So if the Senate decides they`re just going to pretend that new evidence is

not being revealed, is not being shown to the public, that`s going to

become more and more difficult each passing day as the trial coincides with

new evidence being provided to the public by court order, new evidence that

potentially she does not light on what the president did. While the

Republican-controlled Senate pretends they don`t know anything about it.

Don`t talk to me, I`m pretending it doesn`t exist.

 

So the not looking at evidence thing is remarkable on a few different

levels, but it is going to continue to be remarkable and I think difficult

and awkward and hard to explain to the public throughout each day of the

trial if they really are going to try to wall themselves off from the

evidence.

 

Also, on the point of witnesses, “Washington Post” is reporting tonight

that the White House is so freaked out about John Bolton, they`re so

freaked out about the prospect of Trump national security adviser John

Bolton testifying to the impeachment trial that even though they`re trying

to do everything they can to get the Republican Senate to block witnesses

overall, even though they`re going to try to make sure that every

Republican senator toes the party line and doesn`t vote for any individual

witnesses, including John Bolton, in Bolton`s case specifically, they`re so

worry about the prospect of him testifying and what he might say that

they`re also, according to “The Post” tonight, considering a sort of

doomsday contingency plan.

 

Quote: One option being discussed, according to a senior administration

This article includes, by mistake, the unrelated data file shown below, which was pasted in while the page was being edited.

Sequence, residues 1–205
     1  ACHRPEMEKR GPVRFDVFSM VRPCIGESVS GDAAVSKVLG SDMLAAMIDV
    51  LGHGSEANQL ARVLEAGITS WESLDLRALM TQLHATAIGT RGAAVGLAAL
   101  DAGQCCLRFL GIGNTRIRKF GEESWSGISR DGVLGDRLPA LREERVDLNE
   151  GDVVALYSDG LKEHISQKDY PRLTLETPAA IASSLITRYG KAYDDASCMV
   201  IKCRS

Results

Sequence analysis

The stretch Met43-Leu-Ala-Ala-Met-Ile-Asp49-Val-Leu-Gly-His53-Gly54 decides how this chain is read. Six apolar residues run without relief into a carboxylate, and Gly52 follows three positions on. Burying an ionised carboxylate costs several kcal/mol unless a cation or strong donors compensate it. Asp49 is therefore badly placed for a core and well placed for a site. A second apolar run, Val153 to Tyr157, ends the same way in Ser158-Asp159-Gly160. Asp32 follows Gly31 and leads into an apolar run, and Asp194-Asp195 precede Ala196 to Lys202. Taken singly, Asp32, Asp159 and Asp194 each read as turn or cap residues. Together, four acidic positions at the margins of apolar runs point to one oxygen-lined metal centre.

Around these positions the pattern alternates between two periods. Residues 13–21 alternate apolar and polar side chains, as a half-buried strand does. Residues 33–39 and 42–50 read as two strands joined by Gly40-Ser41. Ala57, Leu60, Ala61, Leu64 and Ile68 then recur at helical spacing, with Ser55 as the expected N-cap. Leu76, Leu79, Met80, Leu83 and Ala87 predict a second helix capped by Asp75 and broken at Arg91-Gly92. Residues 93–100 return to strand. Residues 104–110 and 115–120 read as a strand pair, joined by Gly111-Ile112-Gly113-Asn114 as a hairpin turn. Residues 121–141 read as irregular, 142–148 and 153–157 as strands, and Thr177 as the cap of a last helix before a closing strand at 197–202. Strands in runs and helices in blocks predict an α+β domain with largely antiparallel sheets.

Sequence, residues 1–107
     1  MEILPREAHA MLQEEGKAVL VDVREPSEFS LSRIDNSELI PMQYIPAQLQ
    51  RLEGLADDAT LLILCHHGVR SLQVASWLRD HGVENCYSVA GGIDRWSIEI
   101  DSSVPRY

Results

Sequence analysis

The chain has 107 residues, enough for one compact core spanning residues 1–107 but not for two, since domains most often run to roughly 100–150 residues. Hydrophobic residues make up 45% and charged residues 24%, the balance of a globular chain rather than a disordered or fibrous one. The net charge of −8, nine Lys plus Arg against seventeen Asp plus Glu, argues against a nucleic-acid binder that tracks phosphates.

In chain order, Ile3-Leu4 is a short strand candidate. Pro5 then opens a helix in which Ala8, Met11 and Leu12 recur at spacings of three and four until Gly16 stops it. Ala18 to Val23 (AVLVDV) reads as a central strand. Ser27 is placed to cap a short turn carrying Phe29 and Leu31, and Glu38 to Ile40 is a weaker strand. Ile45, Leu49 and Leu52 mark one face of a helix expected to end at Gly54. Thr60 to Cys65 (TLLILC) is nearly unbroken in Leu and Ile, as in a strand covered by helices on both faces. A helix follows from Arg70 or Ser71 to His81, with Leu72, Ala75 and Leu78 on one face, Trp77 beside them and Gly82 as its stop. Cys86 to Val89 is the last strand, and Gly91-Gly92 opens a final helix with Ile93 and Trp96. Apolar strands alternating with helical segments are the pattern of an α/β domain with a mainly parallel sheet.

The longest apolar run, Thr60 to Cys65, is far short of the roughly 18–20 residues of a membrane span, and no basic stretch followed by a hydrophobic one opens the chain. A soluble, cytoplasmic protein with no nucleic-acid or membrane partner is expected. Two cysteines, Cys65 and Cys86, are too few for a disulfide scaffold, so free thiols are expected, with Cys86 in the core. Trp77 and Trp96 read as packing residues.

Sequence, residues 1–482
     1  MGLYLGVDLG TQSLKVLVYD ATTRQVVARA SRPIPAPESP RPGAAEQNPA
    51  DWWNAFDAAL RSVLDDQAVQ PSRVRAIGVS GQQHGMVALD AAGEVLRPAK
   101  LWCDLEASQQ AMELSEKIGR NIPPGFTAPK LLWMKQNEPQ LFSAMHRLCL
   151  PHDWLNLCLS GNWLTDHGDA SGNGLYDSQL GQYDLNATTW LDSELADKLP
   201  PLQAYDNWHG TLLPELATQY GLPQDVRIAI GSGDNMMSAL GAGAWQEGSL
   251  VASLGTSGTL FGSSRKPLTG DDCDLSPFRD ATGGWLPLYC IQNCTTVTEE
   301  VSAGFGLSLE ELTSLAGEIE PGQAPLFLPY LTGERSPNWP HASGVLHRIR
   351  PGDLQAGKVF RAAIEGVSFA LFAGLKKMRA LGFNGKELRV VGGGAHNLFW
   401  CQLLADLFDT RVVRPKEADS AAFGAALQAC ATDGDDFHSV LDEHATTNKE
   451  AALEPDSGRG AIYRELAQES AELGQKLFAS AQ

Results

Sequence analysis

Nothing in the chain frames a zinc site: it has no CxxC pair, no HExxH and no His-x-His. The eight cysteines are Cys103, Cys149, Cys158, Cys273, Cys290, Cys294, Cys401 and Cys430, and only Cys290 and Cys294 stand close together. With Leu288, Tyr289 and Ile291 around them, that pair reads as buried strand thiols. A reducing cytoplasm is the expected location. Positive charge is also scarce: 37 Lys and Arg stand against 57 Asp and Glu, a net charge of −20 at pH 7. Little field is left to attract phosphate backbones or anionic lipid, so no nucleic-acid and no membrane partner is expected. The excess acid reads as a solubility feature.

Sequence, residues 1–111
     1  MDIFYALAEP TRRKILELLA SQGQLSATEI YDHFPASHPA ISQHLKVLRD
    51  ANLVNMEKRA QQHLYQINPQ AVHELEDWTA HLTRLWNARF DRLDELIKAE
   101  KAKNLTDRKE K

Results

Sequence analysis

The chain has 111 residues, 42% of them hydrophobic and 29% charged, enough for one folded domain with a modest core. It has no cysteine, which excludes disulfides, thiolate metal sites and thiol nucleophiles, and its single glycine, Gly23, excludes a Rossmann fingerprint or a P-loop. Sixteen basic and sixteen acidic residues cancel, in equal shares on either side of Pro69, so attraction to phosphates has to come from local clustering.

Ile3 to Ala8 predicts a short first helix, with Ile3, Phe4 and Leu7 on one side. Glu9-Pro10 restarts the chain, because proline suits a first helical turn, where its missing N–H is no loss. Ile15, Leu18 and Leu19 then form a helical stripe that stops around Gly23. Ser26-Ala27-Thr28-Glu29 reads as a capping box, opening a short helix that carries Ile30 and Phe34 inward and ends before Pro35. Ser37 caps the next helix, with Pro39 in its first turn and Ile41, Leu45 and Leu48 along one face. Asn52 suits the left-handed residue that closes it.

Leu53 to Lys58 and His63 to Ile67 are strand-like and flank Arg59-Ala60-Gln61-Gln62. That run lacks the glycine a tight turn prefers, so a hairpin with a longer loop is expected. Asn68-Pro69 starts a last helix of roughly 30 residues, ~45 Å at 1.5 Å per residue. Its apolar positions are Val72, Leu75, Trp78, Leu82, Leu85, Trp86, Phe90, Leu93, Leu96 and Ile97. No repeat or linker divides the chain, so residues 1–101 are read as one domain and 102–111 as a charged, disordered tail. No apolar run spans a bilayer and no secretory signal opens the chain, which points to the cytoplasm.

official, would be to move John Bolton`s testimony to a classified setting

because of national security concerns, ensuring that it is not public.

Quote: That proposal discussed by Senate Republicans is seen as a final

tool against Bolton becoming an explosive figure in the trial.

 

Oh, so that`s what classification procedures are for. So you can call

something a national security concern that must be classified because it

might show the potential to incriminate the president at trial. Is that the

national security you`re worried about? Is that what the classification

process is for? That seems pretty desperate.

 

I will also just note for the record that “The Wall Street Journal”

reported earlier today that the White House also appears to be freaked out

about the prospect of Senate testimony from Lev Parnas, who I was able to

interview last week and who was a sort of right-hand man and fixer for the

president`s personal lawyer, Rudy Giuliani, throughout the Ukraine scheme.

 

According to “The Wall Street Journal,” Trump`s team aims to block any

attempt from House managers to include in the Senate trial testimony,

include in the Senate trial, testimony from Lev Parnas.

 

Given the claims that Mr. Parnas has made about the president`s alleged

direct involvement and supervisory role in the Ukraine scheme, including,

according to Mr. Parnas, the president directly employing Vice President

Mike Pence as a tool of pressure against the Ukrainian government. Because

of all that and all of the other assertions and documents Mr. Parnas has

made public, you can understand why they don`t want him to testify at the

trial. The question is why the power – why the White House believes they

have the power to block him from testifying, right?

 

I mean, technically, it`s the Senate that runs this trial under the

guidance of the chief justice. The White House may not want Lev Parnas to